In my own opinion, the same advice that would be given without the availability of DAP still holds true. Any dog guardian who knows that their dog has fear reactions to fireworks , as well as guardians who do not know whether or not their dog has such reactions, would be prudent to remain home with the dog on all holidays when fireworks in the vicinity are expected. It would be prudent to have one's vet prescribe an appropriate tranquilier and supply a few doses of same to have on hand in case this is needed. Adding DAP to the home starting a week or more in advance makes sense as being likely to help and extremely unlikely to hurt.
Fireworks generally occur only at times and places known in advance and generally occur only one or a very few times each year, so one can and should plan in advance. Each year fireworks displays cause panic stricken dogs to break out of their homes and yards and run away in terror. Some of these get hit by cars (usually with serious injury or death) , some get picked up by Animal Control, and some are picked up and given sanctuary by compassionate dog lovers who try to reunite them with their owners.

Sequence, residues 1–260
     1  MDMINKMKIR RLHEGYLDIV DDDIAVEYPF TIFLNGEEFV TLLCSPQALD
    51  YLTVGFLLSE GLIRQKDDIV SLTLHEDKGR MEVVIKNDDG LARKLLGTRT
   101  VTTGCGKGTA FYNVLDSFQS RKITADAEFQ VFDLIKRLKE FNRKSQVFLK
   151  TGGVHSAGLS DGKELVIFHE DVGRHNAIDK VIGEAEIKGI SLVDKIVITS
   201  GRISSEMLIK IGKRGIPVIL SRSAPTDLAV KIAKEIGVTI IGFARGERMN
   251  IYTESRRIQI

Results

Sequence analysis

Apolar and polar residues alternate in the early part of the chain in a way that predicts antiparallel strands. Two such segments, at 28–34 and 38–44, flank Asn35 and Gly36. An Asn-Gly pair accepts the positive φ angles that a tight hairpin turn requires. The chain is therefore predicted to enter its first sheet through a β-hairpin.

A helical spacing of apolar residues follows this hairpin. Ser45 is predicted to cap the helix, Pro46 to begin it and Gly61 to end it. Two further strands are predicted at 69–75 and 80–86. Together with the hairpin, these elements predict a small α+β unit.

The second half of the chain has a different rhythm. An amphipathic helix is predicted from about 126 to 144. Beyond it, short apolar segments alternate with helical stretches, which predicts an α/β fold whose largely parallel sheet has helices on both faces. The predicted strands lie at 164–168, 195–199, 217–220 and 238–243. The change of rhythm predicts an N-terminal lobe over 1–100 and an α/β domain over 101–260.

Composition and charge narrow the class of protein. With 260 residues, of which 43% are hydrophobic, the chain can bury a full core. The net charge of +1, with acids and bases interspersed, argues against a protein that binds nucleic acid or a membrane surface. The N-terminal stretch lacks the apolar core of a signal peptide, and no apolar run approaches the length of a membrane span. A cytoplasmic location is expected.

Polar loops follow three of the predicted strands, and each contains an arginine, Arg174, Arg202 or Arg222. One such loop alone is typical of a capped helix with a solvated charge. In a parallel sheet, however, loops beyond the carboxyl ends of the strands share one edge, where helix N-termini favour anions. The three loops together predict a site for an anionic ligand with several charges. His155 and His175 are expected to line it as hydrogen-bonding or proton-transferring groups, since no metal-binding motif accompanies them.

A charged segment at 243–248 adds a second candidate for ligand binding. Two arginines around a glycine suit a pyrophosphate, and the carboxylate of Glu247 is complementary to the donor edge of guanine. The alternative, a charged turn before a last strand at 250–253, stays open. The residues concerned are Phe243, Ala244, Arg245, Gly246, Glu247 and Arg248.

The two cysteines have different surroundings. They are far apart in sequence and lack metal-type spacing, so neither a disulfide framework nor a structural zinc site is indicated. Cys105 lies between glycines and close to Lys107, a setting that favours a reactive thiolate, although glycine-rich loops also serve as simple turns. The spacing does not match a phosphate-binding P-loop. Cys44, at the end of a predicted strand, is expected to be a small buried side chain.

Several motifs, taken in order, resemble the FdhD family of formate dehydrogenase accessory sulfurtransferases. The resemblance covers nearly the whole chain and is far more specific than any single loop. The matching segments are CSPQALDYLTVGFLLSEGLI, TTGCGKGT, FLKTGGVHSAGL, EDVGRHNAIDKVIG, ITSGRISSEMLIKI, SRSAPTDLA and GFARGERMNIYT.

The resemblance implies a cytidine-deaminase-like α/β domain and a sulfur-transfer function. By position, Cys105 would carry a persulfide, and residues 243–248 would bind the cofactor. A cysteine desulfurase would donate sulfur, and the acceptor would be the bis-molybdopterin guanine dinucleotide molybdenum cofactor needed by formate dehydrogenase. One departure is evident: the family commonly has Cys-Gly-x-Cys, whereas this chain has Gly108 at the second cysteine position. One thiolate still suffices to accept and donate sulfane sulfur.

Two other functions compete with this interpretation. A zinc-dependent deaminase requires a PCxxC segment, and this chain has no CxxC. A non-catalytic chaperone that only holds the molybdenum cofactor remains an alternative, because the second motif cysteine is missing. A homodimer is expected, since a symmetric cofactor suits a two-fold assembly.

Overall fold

As a dog Rescue person, I avoid placing dogs in adoptive homes during the last few weeks before 4th of July (the big fireworks event in the USA) as I think they are better off in a more familiar environment, especially since my home is far from any fireworks displays. I always remind my adopters to stay home the first 4th that the dog is in their home in order to observe and if nescessary intervene.



Dr Neilson reported another study, "Effects of a synthetic dog appeasing pheromone on behavior problems during transport" by Gaultier & Pageat, reported in AVSAB 2003 Proceedings , pages 10-11. This study used the spray form of DAP for dogs with car transportation anxiety. This was a "blinded" placebo controlled study, with owners not knowing whether their dogs were getting the real DAP or a fake, ie a placebo. Thirty two dogs with anxiety during car travel were identified. Owners identified the behaviors that the dogs displayed during car travel from a list of 11 behaviors. For the dog's next 5 car rides , the owners sprayed inside the car with the provided spray (either the real DAP or the fake) at least 10 minutes before the car trip. Owners reported some improvement in both groups of dogs, ie placebo group as well as the real group, however the DAP dogs had significantly lower problems behaviors than the placebo group for all trips except the third one. No explanation of that third trip. The DAP treated dogs showed more improvement in somatic signs (salivation, vomiting, urination) than in behavioral signs (barking, activity).